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Murder in The Family Volume Two Part Two

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A woman cannot assume that her husband will think that the best way out of his dilemma is to ask her for a divorce. Unless the woman knows what her husband’s dilemma is she cannot make any assumption as to how her husband will solve his problem. Once a man commits adultery his wife is now in the way of his mistress. The wife is in the way of his financial independence. The wife is in the way of his happiness. She has become a problem and the children a liability. He wants the silverware and the table setting. The dining room set should be his because he picked it out from the show room. His wife does not have a right to his pension because he is the one who went to work every day. He can’t expect his girlfriend to accept him without anything. He has to have money so he can make his girlfriend happy.

Read Murder in The Family Part Two and learn how 2,777 men answered the question should I stay or should I go.

August 3, 1995 a jury in Monroeville, Alabama convicted a Black resident there of murdering his 14-month-old twin daughters, Kierra Kidd and Sierra Kidd, with gas fumes one day after an $806 child-support payment was deducted from his paycheck. He killed the youngsters by pumping carbon monoxide from the exhaust pipe of his car into the back seat, where the twins were strapped, or by altering a gas heater at his mother’s house.

“Where’s the smoking gun? They have convicted an innocent man.”
Traci Preyer, defendant’s sister

Kierra and Sierra lived in Monroeville, Alabama. Their parents were not married. In fact their father told Kierra and Sierra’s mother to have an abortion. He did not want to have any children with her, and he did not ask their mother to marry him when she told him she was pregnant with twins. He loved another woman. He told Kierra and Sierra’s mother if she did not have an abortion she should have an accident and fall down the stairs. These warnings were not heeded.

Assumptions were made that once the children were in the world his resentment would go away. He would pay child support for 18 years and accept his fate. Well, Mr. Kidd’s resentment did not go away. He was bound and determined that he would not pay child support for the next 18 years. The problem was solved in 1993 when the children were poisoned with carbon monoxide at their grandmother’s home while in the care of their biological father. Murderer Status: Their father, Stanley Kidd, 28, was charged with murder. He was tried July 1995 and found guilty. The prosecution theorized he killed the twins by pumping carbon monoxide from the exhaust pipe of his car into the back seat where the twins were strapped, or by altering a gas heater at the house. Neither of these theories were actually demonstrated or proven in court. This was a highly circumstantial case. It is believed the jury convicted Mr. Kidd because he did not want Cierra and Kierra to be born and the jury did not like him. I don’t like him so he is guilty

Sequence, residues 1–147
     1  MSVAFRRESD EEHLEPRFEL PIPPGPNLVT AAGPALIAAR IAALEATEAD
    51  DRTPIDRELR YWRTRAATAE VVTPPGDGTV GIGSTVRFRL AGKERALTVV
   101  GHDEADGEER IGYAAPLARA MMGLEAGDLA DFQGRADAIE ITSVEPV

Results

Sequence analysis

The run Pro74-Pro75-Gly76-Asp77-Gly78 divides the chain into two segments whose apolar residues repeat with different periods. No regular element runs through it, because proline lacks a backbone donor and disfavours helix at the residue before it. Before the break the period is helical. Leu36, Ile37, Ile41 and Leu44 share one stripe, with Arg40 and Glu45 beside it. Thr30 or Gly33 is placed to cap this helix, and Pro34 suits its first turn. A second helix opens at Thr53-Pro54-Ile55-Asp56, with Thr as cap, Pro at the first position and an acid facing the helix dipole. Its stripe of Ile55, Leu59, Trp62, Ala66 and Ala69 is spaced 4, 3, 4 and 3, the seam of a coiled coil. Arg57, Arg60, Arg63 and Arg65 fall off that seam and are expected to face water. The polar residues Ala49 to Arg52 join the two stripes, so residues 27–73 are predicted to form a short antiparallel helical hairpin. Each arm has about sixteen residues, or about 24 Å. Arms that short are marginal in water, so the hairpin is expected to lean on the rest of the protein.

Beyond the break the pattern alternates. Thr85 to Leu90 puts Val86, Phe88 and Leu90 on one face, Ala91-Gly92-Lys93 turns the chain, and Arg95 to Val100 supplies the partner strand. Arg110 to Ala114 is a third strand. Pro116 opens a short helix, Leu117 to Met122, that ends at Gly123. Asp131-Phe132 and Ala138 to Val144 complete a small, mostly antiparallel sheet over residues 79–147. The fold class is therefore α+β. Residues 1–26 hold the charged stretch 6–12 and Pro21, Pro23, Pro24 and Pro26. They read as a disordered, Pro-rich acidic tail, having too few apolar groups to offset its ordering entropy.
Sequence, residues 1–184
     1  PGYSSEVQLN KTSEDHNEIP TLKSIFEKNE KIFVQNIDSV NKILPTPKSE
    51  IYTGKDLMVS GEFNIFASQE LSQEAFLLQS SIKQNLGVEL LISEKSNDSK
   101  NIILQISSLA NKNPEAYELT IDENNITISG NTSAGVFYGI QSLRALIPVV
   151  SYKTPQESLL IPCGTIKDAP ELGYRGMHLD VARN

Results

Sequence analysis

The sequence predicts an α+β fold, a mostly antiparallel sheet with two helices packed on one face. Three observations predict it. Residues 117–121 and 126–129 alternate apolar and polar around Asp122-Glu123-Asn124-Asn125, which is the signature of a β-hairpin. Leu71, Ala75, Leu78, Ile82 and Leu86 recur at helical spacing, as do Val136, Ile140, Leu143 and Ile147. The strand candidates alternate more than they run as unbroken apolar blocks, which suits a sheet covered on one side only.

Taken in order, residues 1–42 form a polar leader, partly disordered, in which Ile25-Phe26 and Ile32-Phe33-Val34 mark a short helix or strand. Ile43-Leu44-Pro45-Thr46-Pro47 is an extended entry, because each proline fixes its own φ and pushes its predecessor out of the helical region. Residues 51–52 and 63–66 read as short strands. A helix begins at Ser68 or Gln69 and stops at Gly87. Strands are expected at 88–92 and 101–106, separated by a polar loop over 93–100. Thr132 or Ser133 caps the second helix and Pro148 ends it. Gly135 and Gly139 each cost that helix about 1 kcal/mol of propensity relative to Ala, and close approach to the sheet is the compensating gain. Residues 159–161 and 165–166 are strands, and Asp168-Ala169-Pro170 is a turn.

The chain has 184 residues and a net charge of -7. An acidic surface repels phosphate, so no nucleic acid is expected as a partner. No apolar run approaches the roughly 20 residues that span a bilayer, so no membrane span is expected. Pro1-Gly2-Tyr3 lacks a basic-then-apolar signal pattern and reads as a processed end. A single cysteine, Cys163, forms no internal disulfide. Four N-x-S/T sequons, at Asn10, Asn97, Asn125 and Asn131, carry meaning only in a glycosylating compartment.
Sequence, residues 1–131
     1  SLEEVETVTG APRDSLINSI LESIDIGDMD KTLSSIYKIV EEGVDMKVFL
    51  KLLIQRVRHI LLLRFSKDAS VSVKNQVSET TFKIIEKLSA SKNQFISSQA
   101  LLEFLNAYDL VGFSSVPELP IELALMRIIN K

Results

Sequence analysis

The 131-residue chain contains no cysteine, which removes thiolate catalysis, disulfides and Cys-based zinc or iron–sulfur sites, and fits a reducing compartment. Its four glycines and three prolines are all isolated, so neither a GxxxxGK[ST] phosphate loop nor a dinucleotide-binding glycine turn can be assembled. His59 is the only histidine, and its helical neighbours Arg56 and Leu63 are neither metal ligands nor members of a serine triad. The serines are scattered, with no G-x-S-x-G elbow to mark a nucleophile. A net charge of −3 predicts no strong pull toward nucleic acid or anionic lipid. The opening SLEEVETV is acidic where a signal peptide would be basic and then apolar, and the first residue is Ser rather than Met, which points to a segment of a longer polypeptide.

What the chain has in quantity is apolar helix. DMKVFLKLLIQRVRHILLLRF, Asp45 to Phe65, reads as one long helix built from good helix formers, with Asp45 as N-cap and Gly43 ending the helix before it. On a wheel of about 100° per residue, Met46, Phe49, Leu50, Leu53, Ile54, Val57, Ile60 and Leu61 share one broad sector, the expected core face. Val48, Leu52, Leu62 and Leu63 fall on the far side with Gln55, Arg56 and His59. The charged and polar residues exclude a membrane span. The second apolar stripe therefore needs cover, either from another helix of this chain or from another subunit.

The jury was old fashioned and believed fathers should want and love their children just because. Men should not be selfish and not want children by a woman they just had sex with! The girls’ deaths came a few months after Mr. Kidd took out an $8,000 life insurance policy on each twin and named himself as beneficiary. A rich White man would have never been convicted of this crime. There was no forensic evidence. The White man’s attorneys would have gotten a hung jury; and his attorneys would have never let the prosecutor get away with as much. A rich man’s attorneys would have also attacked the professional witnesses that spoke with such authority. The only reason why Mr. Allen Blackthorne, 44, a rich man from Texas, was convicted of the murder of his ex-wife, Mrs. Shelia Bellush, 35, in Florida was because he was arrogant and careless and contracted the murder out to men who were weak and incompetent. In June 1977 Mr. Robert Reldan got a hung jury when he was on trial for murdering Susan Reeves and Susan Heynes and he was a convicted sex offender. Yet when Mr. Stanley Kidd was tried there was no hung jury. Apparently the jury did not only dislike Mr. Kidd the insurance policies gave them pause.

Book Pages : 498